For him, the book is important first because it has superb recollections of the diverse range of people he met throughout his life across many countries. It also has Levin’s in-depth and fascinating observations and perspectives on education, community, and Jewish life. Finally, “The autobiography is a unique and authoritative contribution to the establishment of Jewish education in South Africa,” Levin says.
The book is published in collaboration with United Herzlia Schools (UHS) and the Kaplan Centre. Says UHS Director of Education Geoff Cohen, “It’s incredible to think that while European Jews were being slaughtered, people such as Alexander Levin had the vision and foresight to establish a place of Jewish learning at the tip of Africa. In the 80th year of Herzlia’s existence, it’s interesting to see how it all started and who the early pioneers were in creating a Jewish system of education.”
Professor David Benatar of the philosophy department at the University of Cape Town was one of the earliest readers of the English translation. “Although it’s an account of one person’s life, it provides an insight into a bygone era,” he says.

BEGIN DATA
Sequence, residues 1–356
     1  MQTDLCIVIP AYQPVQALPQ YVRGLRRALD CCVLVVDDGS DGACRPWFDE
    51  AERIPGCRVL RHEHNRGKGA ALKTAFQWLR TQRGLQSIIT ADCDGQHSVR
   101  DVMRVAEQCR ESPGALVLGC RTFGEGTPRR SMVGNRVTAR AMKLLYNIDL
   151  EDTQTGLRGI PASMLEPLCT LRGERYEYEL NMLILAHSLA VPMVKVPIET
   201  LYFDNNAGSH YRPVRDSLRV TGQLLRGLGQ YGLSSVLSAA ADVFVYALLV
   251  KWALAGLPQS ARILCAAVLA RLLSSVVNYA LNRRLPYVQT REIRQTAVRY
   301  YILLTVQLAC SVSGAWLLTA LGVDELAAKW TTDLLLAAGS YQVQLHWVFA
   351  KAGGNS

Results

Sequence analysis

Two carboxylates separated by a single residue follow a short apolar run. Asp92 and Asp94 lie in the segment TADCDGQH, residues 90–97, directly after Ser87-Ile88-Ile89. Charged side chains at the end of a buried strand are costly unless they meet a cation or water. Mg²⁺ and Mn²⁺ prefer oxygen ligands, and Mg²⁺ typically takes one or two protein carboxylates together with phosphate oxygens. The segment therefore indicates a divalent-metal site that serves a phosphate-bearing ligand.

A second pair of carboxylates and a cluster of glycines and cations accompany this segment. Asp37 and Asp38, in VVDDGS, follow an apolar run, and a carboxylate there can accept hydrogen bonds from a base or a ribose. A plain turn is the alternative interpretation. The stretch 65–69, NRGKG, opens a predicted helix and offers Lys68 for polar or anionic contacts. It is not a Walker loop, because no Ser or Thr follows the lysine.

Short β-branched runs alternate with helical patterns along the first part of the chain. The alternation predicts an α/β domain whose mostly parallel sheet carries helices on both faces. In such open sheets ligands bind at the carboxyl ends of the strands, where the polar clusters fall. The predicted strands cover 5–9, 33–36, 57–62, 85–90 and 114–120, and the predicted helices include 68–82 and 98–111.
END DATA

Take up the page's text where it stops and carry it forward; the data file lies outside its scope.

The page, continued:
“The reader is transported back in time, and given a taste of Jewish life in Eastern Europe, the hardships there, the disruption of emigration, and Jewish life in Cape Town from the 1920s. As such, the book is an historical resource.
“There are too many highlights in the book to enumerate, but for me they included references to such people as Joseph Homa (after whom Herzlia’s Minyan Yosef Shul is named), as well as Zalman Avin and other colleagues at the Cape Town Talmud Torah, out of which Herzlia grew,” says Benatar.
“The description of Mr Levin’s arrival by ship in Cape Town and the sight of Table Mountain is a poignant reminder that the natural landscape is much more enduring than we inhabitants of it. Usually our stories die with us. Autobiographies preserve memories, of which this book contains many – both happy and harrowing. It’s a fascinating read.”
Former Herzlia educator and principal, Solly Kaplinski, worked hard behind the scenes to ensure the book made its way out of obscurity. Writing from Jerusalem, he says, “To be a pioneer is daunting and intimidating. It requires immense bravery and courage in the face of enormous odds. Alexander Levin was the first in an inhospitable climate in South Africa and in the shadow of the Shoah, to take the reins of a fledgling and untested school and to take the plunge [in establishing a Jewish school]. All who followed stood on the shoulders of a giant who deserved more credit and recognition in subsequent years.